Some teams improve. Others regress.

In 2017, three SEC teams lost at least three more games than they did in 2016. Nobody is immune, either. Tennessee and Florida led the list, both losing five more games; Arkansas was the third team, suffering three more losses.

Who is in danger of joining a group nobody wants to be in?

These three teams are at the greatest risk of losing three more games in 2018 than they did in 2017.


2017: 13-2

Why they could finish 10-3: First things first: There is nothing wrong with 10-3. All but 10 teams in America would sign up for that right now.

Georgia’s non-conference schedule is so weak it’s not worth analyzing. Yes, Georgia Tech still runs that cliche “triple option that nobody wants to face,” but it scored all of one TD against the Dawgs last season. Let’s just mark it 4-0 and move on.

Are there two regular-season losses (and an unmotivated bowl loss) on the SEC schedule?

The cross-over games aren’t easy — at LSU and against Auburn — and they likely will generate the most pause for concern. But don’t overlook the Dawgs’ first two SEC games, both on the road: at South Carolina and at Missouri.

Georgia will have so many new faces in important roles in 2018 it’s almost a given that the team that visits either Columbia in Week 2 or Week 4 won’t be as polished as the one that visits Baton Rouge in Week 7 or faces Florida in Jacksonville in Week 9.

There will be a learning curve, particularly on defense, and two of the SEC’s best quarterbacks — Jake Fromm and Drew Lock — will get a shot against Georgia’s younger pups. Both of those games are dangerous.

If the Dawgs win both, they might run the table because the second half of their schedule sets up nicely: LSU will have an entirely new backfield, Auburn visits Athens, and Kentucky will try to notch that signature upset with a new quarterback as well.

If you don’t get the Dawgs early, you might not get them at all in 2018.


2017: 9-4

Why they could finish 6-7: This is one case where losing the bowl game helped because had the Tigers finished 10-3 in 2017, I could have made a stronger case for them going 7-6 in 2018.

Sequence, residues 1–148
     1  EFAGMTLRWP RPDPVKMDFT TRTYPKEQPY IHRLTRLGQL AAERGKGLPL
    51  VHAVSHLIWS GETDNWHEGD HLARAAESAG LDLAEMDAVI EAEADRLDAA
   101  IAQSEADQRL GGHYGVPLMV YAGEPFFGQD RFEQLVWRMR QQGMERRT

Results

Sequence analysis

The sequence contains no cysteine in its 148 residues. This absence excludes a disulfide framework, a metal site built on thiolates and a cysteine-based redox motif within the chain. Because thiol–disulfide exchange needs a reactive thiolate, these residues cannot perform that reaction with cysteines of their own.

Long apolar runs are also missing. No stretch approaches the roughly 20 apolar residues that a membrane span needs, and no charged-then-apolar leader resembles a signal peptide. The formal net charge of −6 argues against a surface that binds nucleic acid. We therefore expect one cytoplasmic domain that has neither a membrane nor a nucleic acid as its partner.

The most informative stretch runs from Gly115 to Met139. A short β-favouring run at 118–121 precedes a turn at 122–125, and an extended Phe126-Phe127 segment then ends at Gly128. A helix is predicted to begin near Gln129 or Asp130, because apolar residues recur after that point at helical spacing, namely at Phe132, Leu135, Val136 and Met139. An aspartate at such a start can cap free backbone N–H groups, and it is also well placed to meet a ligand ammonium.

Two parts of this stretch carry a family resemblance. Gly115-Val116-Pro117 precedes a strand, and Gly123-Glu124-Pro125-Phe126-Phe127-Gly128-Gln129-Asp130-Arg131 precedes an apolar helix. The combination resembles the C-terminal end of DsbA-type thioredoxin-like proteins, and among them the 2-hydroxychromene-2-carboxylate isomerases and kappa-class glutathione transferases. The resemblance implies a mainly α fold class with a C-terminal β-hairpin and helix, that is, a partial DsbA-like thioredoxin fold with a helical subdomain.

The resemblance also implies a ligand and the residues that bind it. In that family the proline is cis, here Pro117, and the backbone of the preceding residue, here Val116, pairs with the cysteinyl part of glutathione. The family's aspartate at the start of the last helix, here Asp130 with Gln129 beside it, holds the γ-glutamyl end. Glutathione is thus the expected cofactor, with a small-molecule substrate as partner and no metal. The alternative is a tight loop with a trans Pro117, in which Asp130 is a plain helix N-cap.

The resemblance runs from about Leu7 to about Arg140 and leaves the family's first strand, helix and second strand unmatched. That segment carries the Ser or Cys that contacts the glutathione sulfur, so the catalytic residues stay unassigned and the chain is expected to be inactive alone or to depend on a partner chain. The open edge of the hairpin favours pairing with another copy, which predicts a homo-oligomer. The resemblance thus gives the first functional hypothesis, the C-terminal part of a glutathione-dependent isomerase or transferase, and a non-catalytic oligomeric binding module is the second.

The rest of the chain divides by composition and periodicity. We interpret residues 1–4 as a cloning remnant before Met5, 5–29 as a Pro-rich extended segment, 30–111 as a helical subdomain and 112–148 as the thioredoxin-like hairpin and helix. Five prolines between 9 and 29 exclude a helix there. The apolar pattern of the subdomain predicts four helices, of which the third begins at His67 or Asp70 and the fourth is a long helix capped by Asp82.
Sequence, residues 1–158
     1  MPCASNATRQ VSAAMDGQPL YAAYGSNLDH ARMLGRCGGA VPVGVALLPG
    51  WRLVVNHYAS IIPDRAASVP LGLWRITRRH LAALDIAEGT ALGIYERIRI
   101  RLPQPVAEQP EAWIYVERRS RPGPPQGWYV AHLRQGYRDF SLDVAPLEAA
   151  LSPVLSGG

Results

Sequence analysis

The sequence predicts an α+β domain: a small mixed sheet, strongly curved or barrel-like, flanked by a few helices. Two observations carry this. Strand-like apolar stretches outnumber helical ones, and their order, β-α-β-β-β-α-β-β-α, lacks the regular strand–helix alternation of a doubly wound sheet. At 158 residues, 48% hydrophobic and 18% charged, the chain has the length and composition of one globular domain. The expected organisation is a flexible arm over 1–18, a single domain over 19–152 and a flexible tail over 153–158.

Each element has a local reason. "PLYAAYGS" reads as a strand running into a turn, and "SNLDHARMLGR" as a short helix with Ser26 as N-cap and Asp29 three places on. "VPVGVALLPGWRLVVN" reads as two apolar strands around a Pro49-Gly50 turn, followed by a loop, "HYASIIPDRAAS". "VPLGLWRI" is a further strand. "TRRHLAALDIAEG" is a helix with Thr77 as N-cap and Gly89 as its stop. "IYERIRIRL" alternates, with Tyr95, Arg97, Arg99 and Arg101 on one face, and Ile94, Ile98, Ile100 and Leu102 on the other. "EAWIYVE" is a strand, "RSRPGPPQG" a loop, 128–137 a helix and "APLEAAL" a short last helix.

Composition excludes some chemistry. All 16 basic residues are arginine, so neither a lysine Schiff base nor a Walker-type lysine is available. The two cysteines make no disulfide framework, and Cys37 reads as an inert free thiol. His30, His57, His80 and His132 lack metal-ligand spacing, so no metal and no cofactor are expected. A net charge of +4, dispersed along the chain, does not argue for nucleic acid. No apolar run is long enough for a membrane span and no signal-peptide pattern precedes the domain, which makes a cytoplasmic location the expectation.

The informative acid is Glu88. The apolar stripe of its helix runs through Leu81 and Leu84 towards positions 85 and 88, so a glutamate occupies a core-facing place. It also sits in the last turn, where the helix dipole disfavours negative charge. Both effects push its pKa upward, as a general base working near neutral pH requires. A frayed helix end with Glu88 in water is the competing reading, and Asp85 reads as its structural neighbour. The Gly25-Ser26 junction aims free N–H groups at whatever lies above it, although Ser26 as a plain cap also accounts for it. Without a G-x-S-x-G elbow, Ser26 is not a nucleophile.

There certainly are six losable games on the 2018 schedule, particularly considering the Tigers will be replacing six starters who left early for the NFL Draft; that list doesn’t even include quarterback Danny Etling, who graduated.

The Tigers always have athletes, but they’ll enter 2018 with more questions about the offense than usual. And they won’t be entirely about the scheme, either. Expect some growing pains, regardless of whether Myles Brennan or Lowell Narcisse wins the job. There isn’t a Derrius Guice-type home run threat in the backfield to move the chains.

LSU OC Steve Ensminger likes his receivers, a group led by Jonathan Giles, who had a 1,000-yard season in 2016 before transferring from Texas Tech. LSU has promised to throw more, but we’ve heard that before.

The offseason is time for optimism, but for those reasons and others, there are plenty of nervous Tigers fans.

Having to play at Florida and against Georgia is about as difficult a cross-over slate as any team in the West will face, too.


2017: 10-4

Why they could finish 7-6: Granted, a lot would have to go wrong for the Tigers to slide back to a 7-win season.

But there isn’t a ton of wiggle room, either.

Four of the Tigers’ five toughest games are away from home. The challenge starts immediately, too, against Playoff-hopeful Washington in the opener in Atlanta. Auburn also travels to West dark horse Mississippi State, Georgia and Alabama. It’s quite possible the Tigers lose all four.

Finding a fifth regular-season loss is trickier, because it likely would have to come at home: LSU potentially could pose problems in Week 3, but we’ll have a better idea about those Tigers (especially their QB situation) after their opener against Miami. Tennessee will be coming off a bye week before heading to The Plains, but the Vols have QB questions, too.

Still, don’t expect these Tigers to be as dangerous as the group that scored scored 40 points in six of its eight SEC games last season. Auburn lost its three best players — all juniors — to the NFL Draft. We can fully expect that their assembly line will produce another 1,000-yard rusher, but Kerryon Johnson was much more than that.

He was a game-changer who, when healthy, set up Jarrett Stidham for success.

Stidham is back, along with one of the SEC’s more explosive collections of wide receivers. Auburn better keep him clean. Backup Malik Willis threw all of seven passes last season, and for all of the Joey Gatewood-Cam Newton comparisons, Tigers fans should hope that holds off for another year.